• by director Kathryn Bigelow
Often times, after a movie opens, folks will come up to me and ask
a question or two, wanting to know how I managed this or that shot,
or why I chose this or that approach to the film as a whole. But usually,
they get around to what’s really on their minds, and they say
something like, “What’s the most challenging part of the
job of being a director?” They want to know about the tough stuff,
the hard stuff.
We’re all like that, I guess.
We’re all interested in challenge.
The truth is, once you’ve decided on the material—and that’s
the first tough call—all the rest of directing, from the camera work, to
creating a visual grammar for the film, to post-production, fall into place on
their own, at least for me.
But there’s a big if.
If…you survive the one fork in the road that you absolutely cannot back
And that’s casting. Pick the wrong actor and it doesn’t matter how
dazzling your camera work is, or how great the movie sounds, you’ll still
end up toast.
For The Hurt Locker, I was lucky enough to work with a brilliant screenwriter,
Mark Boal, whose direct, vivid writing about the inner life of men in the bomb
squad had the ring of truth and honesty that can only come from first-hand observation.
Mark is also a journalist, and he’d been in Baghdad with the Army, and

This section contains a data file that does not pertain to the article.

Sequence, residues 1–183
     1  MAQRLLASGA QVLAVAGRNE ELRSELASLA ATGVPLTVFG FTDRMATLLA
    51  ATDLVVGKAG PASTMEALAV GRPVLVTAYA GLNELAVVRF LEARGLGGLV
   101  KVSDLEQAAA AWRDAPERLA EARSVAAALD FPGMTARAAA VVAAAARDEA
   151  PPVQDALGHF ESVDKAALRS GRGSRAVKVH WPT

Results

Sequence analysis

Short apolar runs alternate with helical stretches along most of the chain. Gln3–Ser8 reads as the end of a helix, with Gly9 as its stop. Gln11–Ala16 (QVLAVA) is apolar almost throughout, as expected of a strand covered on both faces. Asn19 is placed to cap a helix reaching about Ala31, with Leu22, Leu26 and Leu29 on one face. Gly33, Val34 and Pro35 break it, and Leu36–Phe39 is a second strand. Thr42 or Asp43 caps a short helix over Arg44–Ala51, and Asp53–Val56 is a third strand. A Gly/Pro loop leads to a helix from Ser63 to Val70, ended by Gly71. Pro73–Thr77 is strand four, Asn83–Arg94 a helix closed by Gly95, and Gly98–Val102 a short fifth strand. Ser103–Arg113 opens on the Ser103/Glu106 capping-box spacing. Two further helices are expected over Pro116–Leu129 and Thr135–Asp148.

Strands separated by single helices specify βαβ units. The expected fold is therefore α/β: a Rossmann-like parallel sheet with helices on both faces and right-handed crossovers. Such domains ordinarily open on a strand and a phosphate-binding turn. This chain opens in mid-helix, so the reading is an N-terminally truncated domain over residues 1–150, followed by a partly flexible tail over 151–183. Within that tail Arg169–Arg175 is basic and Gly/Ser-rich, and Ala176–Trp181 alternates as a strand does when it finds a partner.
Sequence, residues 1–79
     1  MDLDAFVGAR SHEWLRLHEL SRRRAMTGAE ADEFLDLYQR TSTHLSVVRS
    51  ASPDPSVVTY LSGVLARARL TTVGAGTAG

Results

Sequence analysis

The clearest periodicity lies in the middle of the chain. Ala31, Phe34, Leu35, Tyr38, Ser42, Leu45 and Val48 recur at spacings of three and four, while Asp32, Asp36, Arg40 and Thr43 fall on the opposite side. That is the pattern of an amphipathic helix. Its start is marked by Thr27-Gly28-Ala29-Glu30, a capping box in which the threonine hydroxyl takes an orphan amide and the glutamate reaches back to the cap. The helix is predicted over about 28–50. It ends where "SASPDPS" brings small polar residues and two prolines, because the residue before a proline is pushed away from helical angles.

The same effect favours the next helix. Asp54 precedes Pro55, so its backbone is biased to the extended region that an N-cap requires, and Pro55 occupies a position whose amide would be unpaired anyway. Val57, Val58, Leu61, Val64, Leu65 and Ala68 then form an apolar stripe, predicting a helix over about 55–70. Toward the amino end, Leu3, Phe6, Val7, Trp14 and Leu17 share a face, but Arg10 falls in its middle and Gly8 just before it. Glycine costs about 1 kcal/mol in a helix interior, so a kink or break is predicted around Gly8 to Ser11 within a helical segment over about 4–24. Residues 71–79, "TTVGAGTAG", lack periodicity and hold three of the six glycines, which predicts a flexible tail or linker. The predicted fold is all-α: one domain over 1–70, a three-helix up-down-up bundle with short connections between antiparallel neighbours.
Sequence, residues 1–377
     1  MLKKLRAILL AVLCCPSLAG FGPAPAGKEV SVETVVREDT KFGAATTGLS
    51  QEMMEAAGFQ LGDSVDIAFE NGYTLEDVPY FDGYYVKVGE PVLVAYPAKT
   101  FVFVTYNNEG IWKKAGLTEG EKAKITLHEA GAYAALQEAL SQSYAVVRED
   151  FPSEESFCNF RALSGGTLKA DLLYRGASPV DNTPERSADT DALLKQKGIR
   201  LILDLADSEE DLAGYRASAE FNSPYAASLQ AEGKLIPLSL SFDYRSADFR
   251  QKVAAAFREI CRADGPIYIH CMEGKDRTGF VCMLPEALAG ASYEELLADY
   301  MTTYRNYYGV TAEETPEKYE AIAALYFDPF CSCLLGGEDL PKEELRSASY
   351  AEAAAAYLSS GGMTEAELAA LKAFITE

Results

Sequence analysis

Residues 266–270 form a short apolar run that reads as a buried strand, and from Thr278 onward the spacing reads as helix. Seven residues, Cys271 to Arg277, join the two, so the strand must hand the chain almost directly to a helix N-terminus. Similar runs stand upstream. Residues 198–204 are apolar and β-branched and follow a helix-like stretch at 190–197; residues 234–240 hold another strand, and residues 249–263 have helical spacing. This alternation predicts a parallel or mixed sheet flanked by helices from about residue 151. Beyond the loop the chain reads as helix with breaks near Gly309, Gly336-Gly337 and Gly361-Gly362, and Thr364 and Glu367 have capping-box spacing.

seen with his own eyes the intense bravery and fear these men live with on a
daily basis. In William James, he’d created an extremely complex fictional
character rife with vivid paradoxes—both a thrill-seeking cowboy and a
calm professional, at once a hero and a man adrift in his own isolation.
My problem? Finding an actor with shoes big enough to fill such a nuanced role.
I needed a young Sean Penn or a young Russel Crowe. I needed, in other words,
I looked and looked for quite some time and then happened to see a small independent
movie called Dahmer, in which this terrific actor named Jeremy Renner
gave an incredibly nuanced performance, eliciting compassion and revulsion in
almost equal measure. It was an arresting display of major talent, and from that
moment forward I was determined to work with him. I cast Jeremy as James.
Some folks involved in the financing of the movie were a bit concerned by the
choice because Jeremy wasn’t (yet) a household name. They felt they’d
have to work extra long hours to bring this bright new star to the public’s
attention. But to be perfectly honest, I wasn’t all that worried. Though
I still had to go and actually film the movie—and spend six months in the
Jordan heat and sand—the hardest part of my job was done.